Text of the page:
In a complaint that has been referred to QCAT, the complainant applied for orders requiring the respondents to produce a range of documents. Under the QCAT Act, the tribunal has power to give a direction requiring a party to produce a document or another thing, or provide information, to the tribunal or to another party.
The complainant alleges that he was discriminated against because of his political belief or activity when he applied for a medical officer position at a hospital. The respondents claim the position was withdrawn because
clinical streaming had not been applied to the position.
The complainant wanted the respondents to produce documents relating to compliance with the clinical streaming over a set period of time, and to the recruitment files for permanent medical officer positions over a set period of time. During the process of making submissions to the application, the complainant limited the scope of the documents he wanted produced.
The tribunal made it clear that an order for the production of documents will only be made in respect of identified documents that are reasonably believed to exist and that are relevant to the proceeding. The power to order the production of documents or information will not be used for a
The respondents argued that the documents sought were not relevant, and that the request was oppressive. There was however no indication as to what difficulty the respondents would experience in producing the documents, and the tribunal was not satisfied that compliance would be oppressive.
The tribunal decided the documents sought were relevant to consideration of the appointment process, and that at this stage of the complaint there was at least an arguable case that applicants for permanent positions without the attribute of political belief or activity would be considered as comparators.
Davis v Metro North Hospital and Health Service  QCAT 8
Before contentions had been filed, a complainant applied for an order requiring the respondents to produce documents. The tribunal said the application was premature and inconsistent with the statutory objects of the tribunal to deal with matters in a way that is economical, informal and quick.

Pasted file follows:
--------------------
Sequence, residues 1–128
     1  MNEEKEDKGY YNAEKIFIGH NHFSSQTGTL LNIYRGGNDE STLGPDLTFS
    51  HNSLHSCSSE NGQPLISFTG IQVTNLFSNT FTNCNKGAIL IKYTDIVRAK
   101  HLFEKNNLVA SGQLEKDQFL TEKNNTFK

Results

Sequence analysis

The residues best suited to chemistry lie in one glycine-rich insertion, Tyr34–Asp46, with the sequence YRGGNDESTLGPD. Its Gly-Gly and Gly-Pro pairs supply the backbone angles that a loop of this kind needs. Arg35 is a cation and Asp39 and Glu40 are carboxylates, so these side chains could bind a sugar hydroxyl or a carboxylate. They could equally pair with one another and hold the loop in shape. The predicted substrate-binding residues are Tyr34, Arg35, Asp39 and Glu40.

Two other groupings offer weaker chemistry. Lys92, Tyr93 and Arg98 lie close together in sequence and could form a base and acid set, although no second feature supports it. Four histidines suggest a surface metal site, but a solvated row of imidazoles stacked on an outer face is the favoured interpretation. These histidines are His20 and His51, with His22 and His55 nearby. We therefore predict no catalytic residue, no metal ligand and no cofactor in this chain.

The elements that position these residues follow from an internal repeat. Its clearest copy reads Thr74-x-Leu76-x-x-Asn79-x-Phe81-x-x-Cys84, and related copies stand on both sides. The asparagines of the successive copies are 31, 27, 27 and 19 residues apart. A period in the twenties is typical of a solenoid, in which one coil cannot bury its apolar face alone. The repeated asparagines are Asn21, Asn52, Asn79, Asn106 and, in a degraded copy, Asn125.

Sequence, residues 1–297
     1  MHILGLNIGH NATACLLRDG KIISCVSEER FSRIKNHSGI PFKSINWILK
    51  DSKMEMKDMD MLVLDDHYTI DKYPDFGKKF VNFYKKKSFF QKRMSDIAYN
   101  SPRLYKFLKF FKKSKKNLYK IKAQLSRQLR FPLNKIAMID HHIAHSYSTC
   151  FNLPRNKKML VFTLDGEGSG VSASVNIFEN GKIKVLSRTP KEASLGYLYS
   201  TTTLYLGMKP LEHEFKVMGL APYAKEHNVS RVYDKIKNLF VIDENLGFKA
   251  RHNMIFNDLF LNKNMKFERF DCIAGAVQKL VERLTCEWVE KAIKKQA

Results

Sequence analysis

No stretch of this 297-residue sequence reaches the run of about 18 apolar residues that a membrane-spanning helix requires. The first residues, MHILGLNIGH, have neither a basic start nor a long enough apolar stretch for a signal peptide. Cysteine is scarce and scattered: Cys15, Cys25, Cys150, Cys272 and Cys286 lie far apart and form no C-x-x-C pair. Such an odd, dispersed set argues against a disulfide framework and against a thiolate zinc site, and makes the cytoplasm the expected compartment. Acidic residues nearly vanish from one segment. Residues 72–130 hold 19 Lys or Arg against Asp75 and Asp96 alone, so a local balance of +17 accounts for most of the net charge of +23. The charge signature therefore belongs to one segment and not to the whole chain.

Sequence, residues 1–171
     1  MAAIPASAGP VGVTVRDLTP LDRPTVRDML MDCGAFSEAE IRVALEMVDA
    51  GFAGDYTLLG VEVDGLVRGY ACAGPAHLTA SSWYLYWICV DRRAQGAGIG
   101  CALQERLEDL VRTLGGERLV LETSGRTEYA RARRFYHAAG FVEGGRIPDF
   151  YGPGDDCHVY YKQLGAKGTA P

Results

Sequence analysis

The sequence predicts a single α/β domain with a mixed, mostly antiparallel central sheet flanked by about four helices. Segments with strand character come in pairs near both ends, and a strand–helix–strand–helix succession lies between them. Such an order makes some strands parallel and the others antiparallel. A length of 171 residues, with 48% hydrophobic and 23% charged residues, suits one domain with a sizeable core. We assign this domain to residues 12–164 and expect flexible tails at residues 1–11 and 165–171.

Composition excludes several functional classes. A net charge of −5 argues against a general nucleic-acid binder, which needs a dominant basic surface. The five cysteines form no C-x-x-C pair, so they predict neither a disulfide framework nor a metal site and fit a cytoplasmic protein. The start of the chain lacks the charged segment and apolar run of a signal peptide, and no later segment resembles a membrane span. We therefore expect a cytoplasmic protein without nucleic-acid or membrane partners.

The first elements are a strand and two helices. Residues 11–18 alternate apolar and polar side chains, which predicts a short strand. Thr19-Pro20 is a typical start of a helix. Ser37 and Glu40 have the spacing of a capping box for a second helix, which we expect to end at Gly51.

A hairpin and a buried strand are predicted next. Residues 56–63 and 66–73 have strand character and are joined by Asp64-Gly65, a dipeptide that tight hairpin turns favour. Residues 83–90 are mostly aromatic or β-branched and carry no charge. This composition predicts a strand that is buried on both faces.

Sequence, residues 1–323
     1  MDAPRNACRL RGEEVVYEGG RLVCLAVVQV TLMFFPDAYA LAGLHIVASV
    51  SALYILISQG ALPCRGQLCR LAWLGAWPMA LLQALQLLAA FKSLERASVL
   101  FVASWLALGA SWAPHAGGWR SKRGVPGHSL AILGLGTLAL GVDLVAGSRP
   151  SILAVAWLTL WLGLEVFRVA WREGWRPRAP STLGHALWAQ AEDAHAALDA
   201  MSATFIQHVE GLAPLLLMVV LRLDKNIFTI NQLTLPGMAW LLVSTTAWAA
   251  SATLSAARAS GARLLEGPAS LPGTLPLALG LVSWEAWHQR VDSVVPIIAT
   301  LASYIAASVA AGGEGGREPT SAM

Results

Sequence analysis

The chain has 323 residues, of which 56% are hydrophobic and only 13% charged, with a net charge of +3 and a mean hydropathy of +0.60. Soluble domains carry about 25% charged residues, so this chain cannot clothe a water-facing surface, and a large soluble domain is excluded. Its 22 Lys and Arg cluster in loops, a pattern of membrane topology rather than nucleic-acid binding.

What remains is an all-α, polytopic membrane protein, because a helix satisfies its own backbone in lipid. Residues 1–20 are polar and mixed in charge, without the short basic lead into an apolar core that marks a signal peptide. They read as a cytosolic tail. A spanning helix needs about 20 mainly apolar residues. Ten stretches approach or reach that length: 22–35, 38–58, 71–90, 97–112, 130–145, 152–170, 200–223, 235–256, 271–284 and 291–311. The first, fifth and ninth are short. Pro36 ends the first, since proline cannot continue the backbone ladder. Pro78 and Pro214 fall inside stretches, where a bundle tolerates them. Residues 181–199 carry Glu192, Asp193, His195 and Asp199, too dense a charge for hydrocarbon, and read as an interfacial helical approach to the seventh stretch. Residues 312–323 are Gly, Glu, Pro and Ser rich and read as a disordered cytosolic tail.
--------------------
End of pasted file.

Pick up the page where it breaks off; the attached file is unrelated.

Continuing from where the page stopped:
The Senior Member gave some guidance of what is expected in relation to documentary evidence:
 … At QCAT , it is not common for directions to be given to parties in anti-discrimination complaints to produce documents to each other unless some prior efforts have been made to obtain the documents by an informal request made between the parties and that request has been refused. …
 Parties are expected to provide copies to the tribunal and to each other of documents that are directly relevant to the issues in dispute, that constitute evidence of relevant facts needed to determine the issues and that are documents in the sole possession of one party. Such documents are most commonly provided on request or via the filed statements of evidence of the parties.
Lemeki v State of Queensland  QCAT 262
The best time to determine whether documents are relevant to the complaint is after the evidence of the parties is filed.
It was premature to apply for an order to produce documents before the respondent had filed its contentions.
Turner v Racing Queensland  QCAT 707
The documents sought to be produced must be relevant to the complaint.
The tribunal refused to order a respondent to produce documents about things that occurred 5 years before the subject matter of the complaint.
James v State of Queensland  QCAT 375
The prime purpose of producing documents to the tribunal is to disclose to the tribunal relevant information to enable it to decide the complaint.
A notice to produce documents should not be used as a substitute for discovery. (Discovery is the process of each party disclosing to the others the documents they have that are relevant to the issues in the proceeding.)
In refusing an application for an order requiring the production of non-specified documents the Senior Member provided the following helpful information about discovery and production of documents:
 The tribunal expects parties in anti-discrimination matters to respond voluntarily to requests for copies of relevant documents. The tribunal does not generally make orders for disclosure of documents as such a course rarely achieves the tribunal's statutory objects of dealing with matters in a way that is economical, informal and quick.Documents that are to be relied on as evidence should in most cases be produced into evidence attached to statements of a party or witness and in this way be available to the tribunal for its deliberations. Filing and exchanging copies of documents as a matter of course in a disclosure process incurs unnecessary costs for parties and diverts attention from the essential task of parties endeavouring to resolve their dispute as economically and fairly as possible.
Lyons v State of Queensland  QCAT 569
Availability of decisions
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